These are bona fide, unedited student comments from the official UF student course evaluations site. Those with no answer or “n/a” or “none” have been omitted. Students were all undergraduates in journalism or advertising who had no previous programming experience. Only eight students were enrolled in this course.
Qualities of instructor which contributed to success of the course:
“Her enthusiasm and clear description of the course and how much time we would have to devote to it to be successful.”
“She is very passionate about the course and the material which makes me what to learn more about the material as well.”
“Her enthusiasm for the subject material and our understanding of it made difficult course material easier to understand. She was always willing to give additional help, even outside of class and after work hours. The class was also broken down really intelligently so that we had a good foundation for more difficult material later in the course.”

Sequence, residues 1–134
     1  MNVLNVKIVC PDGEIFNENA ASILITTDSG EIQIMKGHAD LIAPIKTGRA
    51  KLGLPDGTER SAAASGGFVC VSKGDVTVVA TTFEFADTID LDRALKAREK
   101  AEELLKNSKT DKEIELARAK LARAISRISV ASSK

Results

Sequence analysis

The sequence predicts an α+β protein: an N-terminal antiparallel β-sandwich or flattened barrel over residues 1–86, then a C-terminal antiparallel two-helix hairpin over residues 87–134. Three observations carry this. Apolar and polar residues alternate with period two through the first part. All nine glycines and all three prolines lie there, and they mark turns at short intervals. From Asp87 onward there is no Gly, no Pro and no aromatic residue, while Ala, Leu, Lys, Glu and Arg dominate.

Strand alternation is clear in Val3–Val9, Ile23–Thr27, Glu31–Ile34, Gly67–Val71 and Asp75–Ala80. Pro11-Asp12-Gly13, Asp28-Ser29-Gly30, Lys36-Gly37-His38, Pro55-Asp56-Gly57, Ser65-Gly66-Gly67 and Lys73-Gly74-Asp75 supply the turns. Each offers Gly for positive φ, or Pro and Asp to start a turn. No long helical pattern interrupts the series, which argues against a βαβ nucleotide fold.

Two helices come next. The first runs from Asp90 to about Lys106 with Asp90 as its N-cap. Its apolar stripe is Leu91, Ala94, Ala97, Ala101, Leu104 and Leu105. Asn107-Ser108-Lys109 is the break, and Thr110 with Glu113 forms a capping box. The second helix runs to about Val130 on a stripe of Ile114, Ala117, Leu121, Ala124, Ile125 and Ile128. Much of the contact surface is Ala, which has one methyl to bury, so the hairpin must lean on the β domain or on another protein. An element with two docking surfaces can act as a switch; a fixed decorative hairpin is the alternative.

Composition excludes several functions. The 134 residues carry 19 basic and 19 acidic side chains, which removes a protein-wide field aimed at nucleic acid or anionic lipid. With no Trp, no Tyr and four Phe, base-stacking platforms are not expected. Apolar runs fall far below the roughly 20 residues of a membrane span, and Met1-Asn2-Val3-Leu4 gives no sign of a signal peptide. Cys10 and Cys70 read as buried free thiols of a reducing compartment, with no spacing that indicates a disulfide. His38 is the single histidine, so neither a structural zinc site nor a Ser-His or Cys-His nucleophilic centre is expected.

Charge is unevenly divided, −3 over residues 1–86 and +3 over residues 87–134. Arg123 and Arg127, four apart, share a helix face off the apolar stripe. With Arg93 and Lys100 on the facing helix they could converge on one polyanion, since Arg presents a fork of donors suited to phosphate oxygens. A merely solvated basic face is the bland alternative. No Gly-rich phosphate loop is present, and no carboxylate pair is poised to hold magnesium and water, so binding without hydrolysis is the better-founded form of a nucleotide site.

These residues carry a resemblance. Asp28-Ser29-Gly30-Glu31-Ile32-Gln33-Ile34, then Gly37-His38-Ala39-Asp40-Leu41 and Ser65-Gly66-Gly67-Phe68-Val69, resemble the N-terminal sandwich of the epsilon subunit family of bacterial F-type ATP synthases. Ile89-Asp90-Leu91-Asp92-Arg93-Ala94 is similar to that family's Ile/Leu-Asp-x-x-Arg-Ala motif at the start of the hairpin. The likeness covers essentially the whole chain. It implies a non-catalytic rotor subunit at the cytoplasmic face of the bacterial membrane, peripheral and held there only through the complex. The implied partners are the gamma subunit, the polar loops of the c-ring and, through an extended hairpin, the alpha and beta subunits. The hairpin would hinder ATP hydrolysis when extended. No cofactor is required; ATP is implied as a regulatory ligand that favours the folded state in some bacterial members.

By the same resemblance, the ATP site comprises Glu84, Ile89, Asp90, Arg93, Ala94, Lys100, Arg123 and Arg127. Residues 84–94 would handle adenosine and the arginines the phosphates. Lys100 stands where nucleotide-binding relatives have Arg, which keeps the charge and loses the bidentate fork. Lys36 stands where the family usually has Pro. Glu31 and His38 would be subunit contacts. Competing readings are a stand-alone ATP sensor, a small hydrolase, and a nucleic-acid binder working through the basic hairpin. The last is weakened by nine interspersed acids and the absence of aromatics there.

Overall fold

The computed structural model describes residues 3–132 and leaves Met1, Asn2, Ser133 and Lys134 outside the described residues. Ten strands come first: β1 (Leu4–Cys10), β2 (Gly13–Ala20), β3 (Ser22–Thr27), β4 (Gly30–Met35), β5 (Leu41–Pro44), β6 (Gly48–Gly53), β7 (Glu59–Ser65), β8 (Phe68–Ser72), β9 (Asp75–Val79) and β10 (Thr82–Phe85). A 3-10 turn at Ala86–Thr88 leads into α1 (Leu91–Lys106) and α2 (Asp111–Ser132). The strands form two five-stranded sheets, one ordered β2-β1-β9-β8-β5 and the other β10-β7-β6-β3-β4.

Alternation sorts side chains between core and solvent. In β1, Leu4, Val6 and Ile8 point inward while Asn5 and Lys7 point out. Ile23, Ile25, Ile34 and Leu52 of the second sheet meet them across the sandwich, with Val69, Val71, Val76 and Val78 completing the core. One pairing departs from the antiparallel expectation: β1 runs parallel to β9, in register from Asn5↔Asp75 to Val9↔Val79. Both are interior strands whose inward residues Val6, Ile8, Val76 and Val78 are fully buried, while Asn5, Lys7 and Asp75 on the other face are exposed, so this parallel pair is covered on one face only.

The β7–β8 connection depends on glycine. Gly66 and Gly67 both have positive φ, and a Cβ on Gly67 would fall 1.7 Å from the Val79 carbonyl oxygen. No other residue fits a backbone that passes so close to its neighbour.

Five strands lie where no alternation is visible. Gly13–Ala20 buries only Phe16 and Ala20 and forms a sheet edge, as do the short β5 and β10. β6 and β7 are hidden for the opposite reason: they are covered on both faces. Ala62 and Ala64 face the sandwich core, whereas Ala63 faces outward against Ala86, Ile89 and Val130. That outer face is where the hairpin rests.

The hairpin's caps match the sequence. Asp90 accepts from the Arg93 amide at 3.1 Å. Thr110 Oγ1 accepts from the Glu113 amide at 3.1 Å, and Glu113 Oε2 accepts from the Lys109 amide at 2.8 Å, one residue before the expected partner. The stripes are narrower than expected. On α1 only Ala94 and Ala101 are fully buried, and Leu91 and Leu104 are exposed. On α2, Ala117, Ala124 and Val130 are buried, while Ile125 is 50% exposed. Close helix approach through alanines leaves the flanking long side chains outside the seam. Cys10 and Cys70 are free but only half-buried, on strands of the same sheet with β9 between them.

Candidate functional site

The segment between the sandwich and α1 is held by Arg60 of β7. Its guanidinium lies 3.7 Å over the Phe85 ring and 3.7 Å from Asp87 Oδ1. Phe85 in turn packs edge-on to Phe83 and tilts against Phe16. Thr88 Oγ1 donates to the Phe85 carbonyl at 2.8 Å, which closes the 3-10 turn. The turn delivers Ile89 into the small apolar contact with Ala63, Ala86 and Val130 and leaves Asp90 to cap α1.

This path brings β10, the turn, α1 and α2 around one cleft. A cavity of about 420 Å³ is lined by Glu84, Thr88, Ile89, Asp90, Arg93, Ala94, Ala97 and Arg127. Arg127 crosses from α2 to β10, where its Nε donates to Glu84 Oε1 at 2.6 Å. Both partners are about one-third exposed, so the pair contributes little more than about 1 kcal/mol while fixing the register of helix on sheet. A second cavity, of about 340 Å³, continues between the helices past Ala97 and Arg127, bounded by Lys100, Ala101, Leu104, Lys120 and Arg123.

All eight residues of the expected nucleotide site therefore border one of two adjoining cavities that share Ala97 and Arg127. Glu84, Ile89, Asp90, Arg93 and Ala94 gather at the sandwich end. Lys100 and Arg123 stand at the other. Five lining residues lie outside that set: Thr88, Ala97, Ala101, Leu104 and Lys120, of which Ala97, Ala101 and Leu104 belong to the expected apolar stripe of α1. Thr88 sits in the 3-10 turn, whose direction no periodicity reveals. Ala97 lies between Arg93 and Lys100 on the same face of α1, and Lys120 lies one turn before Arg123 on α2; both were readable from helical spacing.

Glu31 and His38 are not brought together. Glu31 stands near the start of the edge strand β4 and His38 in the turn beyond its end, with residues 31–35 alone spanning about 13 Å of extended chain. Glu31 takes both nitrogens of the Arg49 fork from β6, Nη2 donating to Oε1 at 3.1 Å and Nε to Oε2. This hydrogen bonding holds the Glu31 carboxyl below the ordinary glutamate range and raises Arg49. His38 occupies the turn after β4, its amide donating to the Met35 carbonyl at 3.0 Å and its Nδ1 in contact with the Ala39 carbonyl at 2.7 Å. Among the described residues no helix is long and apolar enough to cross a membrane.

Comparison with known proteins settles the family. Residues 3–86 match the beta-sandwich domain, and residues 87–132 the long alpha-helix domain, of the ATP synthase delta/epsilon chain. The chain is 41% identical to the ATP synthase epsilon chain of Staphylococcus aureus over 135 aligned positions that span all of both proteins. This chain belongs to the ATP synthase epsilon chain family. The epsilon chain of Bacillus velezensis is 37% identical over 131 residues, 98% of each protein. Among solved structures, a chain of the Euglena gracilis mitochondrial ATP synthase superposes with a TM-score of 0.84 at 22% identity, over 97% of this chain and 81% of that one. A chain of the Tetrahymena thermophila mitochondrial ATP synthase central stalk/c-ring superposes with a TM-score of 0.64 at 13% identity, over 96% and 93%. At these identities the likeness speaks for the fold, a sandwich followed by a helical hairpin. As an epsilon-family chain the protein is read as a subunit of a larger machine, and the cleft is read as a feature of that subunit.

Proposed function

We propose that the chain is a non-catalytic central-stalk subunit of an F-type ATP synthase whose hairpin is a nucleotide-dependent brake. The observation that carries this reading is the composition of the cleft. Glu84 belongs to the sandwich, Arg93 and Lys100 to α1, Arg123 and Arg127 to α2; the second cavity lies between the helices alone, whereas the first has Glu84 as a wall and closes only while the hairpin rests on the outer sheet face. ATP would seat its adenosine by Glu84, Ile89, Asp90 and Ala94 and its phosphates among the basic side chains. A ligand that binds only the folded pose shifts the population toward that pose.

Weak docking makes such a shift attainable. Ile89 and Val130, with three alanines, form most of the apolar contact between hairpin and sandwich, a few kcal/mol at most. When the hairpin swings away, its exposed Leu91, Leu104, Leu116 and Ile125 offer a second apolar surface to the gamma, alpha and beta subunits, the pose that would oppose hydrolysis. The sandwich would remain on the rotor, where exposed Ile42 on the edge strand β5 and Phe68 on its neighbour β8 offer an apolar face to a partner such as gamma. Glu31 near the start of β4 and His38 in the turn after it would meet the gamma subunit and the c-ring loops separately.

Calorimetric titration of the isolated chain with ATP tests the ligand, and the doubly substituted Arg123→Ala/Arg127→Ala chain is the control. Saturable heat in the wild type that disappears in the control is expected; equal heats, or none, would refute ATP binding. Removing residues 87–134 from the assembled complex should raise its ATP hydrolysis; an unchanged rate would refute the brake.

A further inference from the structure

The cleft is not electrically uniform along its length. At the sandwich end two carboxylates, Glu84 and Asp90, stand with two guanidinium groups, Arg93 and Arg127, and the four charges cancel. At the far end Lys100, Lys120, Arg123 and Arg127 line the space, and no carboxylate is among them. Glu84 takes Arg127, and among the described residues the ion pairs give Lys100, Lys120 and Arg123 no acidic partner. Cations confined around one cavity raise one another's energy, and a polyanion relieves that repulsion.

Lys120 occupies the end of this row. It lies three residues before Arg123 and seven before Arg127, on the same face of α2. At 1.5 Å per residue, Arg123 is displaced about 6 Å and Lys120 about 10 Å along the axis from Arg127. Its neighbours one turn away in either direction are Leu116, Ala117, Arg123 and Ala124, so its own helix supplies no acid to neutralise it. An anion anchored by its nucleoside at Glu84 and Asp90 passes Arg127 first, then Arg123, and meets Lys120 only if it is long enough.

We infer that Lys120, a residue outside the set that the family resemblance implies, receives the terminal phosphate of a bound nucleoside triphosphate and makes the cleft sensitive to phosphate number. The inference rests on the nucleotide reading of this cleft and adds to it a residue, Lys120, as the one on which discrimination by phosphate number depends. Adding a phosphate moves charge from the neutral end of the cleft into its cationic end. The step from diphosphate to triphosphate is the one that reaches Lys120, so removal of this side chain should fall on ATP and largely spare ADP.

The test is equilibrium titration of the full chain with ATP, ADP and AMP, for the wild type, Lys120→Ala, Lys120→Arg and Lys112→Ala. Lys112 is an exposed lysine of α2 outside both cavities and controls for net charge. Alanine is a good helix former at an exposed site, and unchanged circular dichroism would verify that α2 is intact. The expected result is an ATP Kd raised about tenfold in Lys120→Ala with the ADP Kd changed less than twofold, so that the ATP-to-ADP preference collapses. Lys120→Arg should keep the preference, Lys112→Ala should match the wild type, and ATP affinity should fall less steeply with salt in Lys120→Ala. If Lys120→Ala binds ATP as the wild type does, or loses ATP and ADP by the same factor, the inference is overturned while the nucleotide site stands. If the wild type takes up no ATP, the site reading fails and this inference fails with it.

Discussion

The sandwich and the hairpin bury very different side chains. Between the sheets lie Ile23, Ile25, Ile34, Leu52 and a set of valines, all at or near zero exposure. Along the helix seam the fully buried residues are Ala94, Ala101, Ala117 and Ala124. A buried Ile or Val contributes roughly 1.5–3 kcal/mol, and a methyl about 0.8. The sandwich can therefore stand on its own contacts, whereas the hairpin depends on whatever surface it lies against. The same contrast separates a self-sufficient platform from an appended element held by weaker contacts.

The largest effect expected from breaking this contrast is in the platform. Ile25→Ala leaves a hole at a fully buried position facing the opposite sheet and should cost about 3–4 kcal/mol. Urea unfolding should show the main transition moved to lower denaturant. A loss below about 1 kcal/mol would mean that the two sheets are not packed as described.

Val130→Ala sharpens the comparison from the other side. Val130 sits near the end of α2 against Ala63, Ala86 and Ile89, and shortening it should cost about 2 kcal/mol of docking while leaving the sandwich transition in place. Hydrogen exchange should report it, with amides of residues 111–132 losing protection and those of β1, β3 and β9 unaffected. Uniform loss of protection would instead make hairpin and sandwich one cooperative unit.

“Ms. McAdams encouragement to play with code helped with my success in this course.” Continue reading
This quote —
… the fields of mathematics, statistics and computer science are ever more important to the emerging fields of data journalism, information graphics, and news applications. That’s where the jobs are. That’s where the industry is heading (arguably, already it’s already there). That’s the new quality and standard to which we need to hold journalism.
We’re never going to fill these jobs or really make impact in this space and push forward if we don’t properly teach and prepare the young’uns coming up. Myself included.
— comes from an article written by a journalism student. You should read it:
Re-thinking J-school, by Katie Zhu.
Sisi Wei is a news apps developer at ProPublica and previously was a graphics editor at The Washington Post. She was one of our fabulous guests at Journalism Interactive here in Gainesville in February.
This blog post (open it!!) links to three Flash games she created while she was an undergrad journalism student at Northwestern. She graduated in June 2011. You can see her resume (PDF).
The point is, making games can teach you a lot! (In spring 2011, we still used Flash. Now we don’t.)